Six stories in the news for Thursday, May 24
FEDS BLOCK $1.5-BILLION AECON TAKEOVER
The federal government has blocked the proposed $1.5-billion takeover of the Aecon Group construction firm by a Chinese state-owned company for reasons of national security. China's embassy in Ottawa responded to the decision last night by warning that it wasn't good for the countries' business relationship and that it would "seriously undermine the confidence" of Chinese investors. Aecon said it was disappointed with the decision.
CN RAIL TO BUY HUNDREDS OF HOPPER CARS
Canadian National Railway is preparing to buy hundreds of new grain hopper cars to get shipments moving after a bill that encourages railways to make investments to avert service disruptions became law Wednesday. CN Rail expects to buy new grain cars to replace some 200 to 300 that are replaced annually. The Transportation Modernization Act includes financial penalties for railways that fail to deliver promised rail cars for grain shipments on time.
CLOSE RACE IN ONTARIO AS ELECTION NEARS
A new Leger poll suggests the NDP and Progressive Conservatives are deadlocked at 37 per cent in voter support with two weeks to go before the June 7 election. The survey, taken May 18 to May 22, shows the struggling Liberals trail at 21 per cent. At the same time, a sizable number of voters — more than one third of those asked — have yet to make a final decision about who they'll vote for.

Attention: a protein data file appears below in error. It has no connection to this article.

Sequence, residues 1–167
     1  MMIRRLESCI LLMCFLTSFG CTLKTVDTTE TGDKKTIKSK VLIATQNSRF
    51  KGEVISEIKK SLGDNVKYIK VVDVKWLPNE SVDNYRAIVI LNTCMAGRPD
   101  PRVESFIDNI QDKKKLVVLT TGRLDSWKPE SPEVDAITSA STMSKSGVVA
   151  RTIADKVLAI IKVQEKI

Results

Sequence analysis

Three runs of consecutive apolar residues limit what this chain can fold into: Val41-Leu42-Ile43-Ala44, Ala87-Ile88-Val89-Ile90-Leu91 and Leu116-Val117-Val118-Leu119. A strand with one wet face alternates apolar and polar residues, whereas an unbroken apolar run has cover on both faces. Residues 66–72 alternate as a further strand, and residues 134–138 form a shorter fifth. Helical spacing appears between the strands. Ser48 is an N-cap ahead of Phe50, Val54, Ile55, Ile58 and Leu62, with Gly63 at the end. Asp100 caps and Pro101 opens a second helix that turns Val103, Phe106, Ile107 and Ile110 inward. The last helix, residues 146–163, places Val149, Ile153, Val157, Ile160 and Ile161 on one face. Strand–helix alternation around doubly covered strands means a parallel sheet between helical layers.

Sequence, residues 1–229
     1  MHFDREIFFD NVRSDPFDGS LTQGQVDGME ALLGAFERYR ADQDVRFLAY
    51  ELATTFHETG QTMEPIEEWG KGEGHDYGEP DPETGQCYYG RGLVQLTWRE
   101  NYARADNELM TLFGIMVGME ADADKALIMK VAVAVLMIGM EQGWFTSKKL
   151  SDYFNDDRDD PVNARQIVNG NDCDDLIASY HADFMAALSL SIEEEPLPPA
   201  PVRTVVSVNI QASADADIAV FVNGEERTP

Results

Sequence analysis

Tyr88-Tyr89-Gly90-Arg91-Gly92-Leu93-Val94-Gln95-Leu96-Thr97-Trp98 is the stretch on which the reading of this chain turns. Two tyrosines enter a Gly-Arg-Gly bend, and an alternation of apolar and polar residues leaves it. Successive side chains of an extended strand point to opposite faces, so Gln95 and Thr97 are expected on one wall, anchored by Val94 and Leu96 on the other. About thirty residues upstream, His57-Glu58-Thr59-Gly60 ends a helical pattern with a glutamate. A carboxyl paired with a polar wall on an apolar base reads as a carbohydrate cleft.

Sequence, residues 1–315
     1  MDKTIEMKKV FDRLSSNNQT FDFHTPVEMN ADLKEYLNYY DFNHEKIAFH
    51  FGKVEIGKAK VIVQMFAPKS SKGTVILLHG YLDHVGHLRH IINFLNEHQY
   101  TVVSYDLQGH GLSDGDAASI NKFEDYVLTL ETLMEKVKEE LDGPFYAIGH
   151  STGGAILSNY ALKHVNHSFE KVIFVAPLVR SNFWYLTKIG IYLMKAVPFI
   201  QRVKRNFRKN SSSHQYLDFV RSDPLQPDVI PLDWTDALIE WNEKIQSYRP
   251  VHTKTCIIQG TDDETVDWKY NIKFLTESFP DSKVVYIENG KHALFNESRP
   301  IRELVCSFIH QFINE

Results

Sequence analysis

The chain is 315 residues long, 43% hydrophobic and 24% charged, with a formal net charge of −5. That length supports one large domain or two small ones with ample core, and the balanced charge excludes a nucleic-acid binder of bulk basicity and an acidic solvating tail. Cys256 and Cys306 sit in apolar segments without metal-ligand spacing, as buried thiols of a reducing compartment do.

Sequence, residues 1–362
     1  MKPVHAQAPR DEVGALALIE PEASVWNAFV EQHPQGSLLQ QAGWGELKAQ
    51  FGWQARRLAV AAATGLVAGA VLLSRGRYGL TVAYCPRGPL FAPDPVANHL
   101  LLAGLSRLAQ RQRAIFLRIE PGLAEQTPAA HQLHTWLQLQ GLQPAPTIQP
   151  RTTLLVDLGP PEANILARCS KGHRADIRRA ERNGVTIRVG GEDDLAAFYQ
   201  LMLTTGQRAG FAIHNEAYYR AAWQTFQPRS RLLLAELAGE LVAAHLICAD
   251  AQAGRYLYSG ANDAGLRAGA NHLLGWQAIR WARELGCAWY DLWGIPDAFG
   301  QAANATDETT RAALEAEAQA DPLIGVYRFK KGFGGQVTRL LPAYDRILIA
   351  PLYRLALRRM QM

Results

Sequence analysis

FEDS LEAVE DOOR OPEN TO MORE HELICOPTERS IN MALI
The Trudeau government is keeping the door open to sending more helicopters to Mali to ensure Canadian Forces can provide round-the-clock medical evacuations in what is expected to be a harsh environment. Canada is preparing to send two Chinook transport helicopters and four armed Griffon escorts to the African nation this summer as part of a UN mission. The helicopters and about 250 personnel are scheduled to begin work on Aug. 1.
GRASSY NARROWS STUDY OUT TODAY
Grassy Narrows First Nation is scheduled to release a study today on health impacts in the northern Ontario community linked to eating mercury-contaminated fish. Mercury contamination has plagued the English-Wabigoon River system for half a century, since a paper mill in Dryden, Ont., dumped 9,000 kilograms of the substance into the river systems in the 1960s.
WASHINGTON AND VEGAS TO BATTLE FOR STANLEY CUP
Alex Ovechkin will play for the Stanley Cup for the first time in his 13-year career after Washington beat Tampa Bay 4-0 last night in Game 7 of the Eastern Conference final. It will be Washington's first Stanley Cup Final in 20 years. The Capitals will now face the Vegas Golden Knights for the storied trophy. Game One is Monday night in Vegas.
ALSO IN THE NEWS TODAY:
— The Royal Bank and TD Bank will release their second-quarter results.
— Statistics Canada releases the employment insurance figures for March.
— Prime Minister Justin Trudeau continues his visit to the La Malbaie area ahead of the upcoming G7 summit.
— The Canadian Hurricane Centre will discuss the upcoming hurricane season.
— Nova Scotia PC Party leadership debate in Middleton, the first of six across the province.
— Defence Minister Harjit Sajjan attends the change of command ceremony at NORAD in Colorado.
— Governor General Julie Payette will deliver remarks at the Arctic Sustainability Summit in Montreal.
— Indigenous leaders hold a summit in Ottawa to focus on moving past The Indian Act.
The Canadian Press